On the way up, I needed
words to calm myself,
on this winter day when smog
smothers the valley again, grays
the rocks half a mile away Take a different path.
where the creek shines like chrome.
All afternoon I explored the paths
webbing down to the creek
where pounding stones and trails
are all that remain of the tribe
that once settled on cleared,
gentle inclines. I ventured up
the steep slopes toward the top
to claim it as my own in the late Take a different path.
afternoon sun. For all of an afternoon
I trespassed, perhaps not meant
to look down anymore
on the grayness below that never
clears. At the edge of the cliff I lost myself
easily in the breath of trees and grasses,
above chemicals ruining mind
and body, knowing I cannot protect Take a different path.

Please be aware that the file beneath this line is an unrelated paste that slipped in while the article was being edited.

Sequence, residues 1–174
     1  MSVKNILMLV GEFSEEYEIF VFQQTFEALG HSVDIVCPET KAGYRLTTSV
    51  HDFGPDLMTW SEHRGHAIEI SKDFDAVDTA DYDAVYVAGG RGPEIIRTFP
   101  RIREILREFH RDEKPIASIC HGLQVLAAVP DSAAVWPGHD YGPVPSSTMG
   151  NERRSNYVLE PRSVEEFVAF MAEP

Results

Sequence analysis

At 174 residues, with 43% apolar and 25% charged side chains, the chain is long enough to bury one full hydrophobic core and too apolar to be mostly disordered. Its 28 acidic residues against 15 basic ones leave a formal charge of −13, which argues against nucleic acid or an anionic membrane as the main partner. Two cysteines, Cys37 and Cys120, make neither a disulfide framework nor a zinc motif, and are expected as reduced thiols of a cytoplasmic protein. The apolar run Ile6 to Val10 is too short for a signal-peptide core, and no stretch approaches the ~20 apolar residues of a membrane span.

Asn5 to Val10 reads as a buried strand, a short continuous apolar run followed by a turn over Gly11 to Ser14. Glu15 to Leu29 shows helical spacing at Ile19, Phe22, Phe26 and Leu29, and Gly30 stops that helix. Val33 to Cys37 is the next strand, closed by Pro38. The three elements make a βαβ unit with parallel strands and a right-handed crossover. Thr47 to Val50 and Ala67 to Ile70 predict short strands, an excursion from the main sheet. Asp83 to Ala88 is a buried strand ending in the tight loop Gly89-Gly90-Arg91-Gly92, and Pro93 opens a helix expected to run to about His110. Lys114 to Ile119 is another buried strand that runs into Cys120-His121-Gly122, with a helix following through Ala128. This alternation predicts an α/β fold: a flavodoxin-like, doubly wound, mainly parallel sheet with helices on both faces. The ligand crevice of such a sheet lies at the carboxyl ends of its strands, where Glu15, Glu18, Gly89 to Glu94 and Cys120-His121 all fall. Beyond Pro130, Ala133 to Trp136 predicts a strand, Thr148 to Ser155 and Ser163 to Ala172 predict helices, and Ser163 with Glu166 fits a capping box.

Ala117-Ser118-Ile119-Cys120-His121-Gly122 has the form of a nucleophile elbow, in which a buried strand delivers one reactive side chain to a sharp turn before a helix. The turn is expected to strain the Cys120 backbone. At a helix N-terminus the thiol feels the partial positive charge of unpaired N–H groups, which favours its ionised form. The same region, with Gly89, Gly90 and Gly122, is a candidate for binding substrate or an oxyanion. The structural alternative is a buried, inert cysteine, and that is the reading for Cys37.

these hillsides. Not long ago
the tribe was ravaged by sickness
and finished off by murder and
starvation, the air and water
and the remaining creatures no longer
belonging to the earth. I have always
kept some faith in my feet, and I hiked
past cattle that fled in absolute terror
of me or refused to budge
when I approached, all
without horns. Those animals Take a different path.
could have done me great harm,
but didn't. I have brought you here
to the edge of this cliff to remember
the valley as it was before the earth
was sold. I will remain
as a few magic words that fly
from this cliff over the valley
to write the language of flowers
|Baby Blue Eyes and Goldfields|
gone forever, to bear witness
for the air and water passing
through everything living, to ease
the desolation of those who believe Take a different path.
that all must wisely share the earth,
and although I may not even be meant
to be the voice, my words will take you
part of the way, past the last trees
to the rocks at the top behind which
a mother is lying beside her newborn calf,
a young bull grazing, so powerful
and unconcerned you might think them
godlike and pure, untouched Take a different path.
for generations, the huge horns
without garlands, without blood.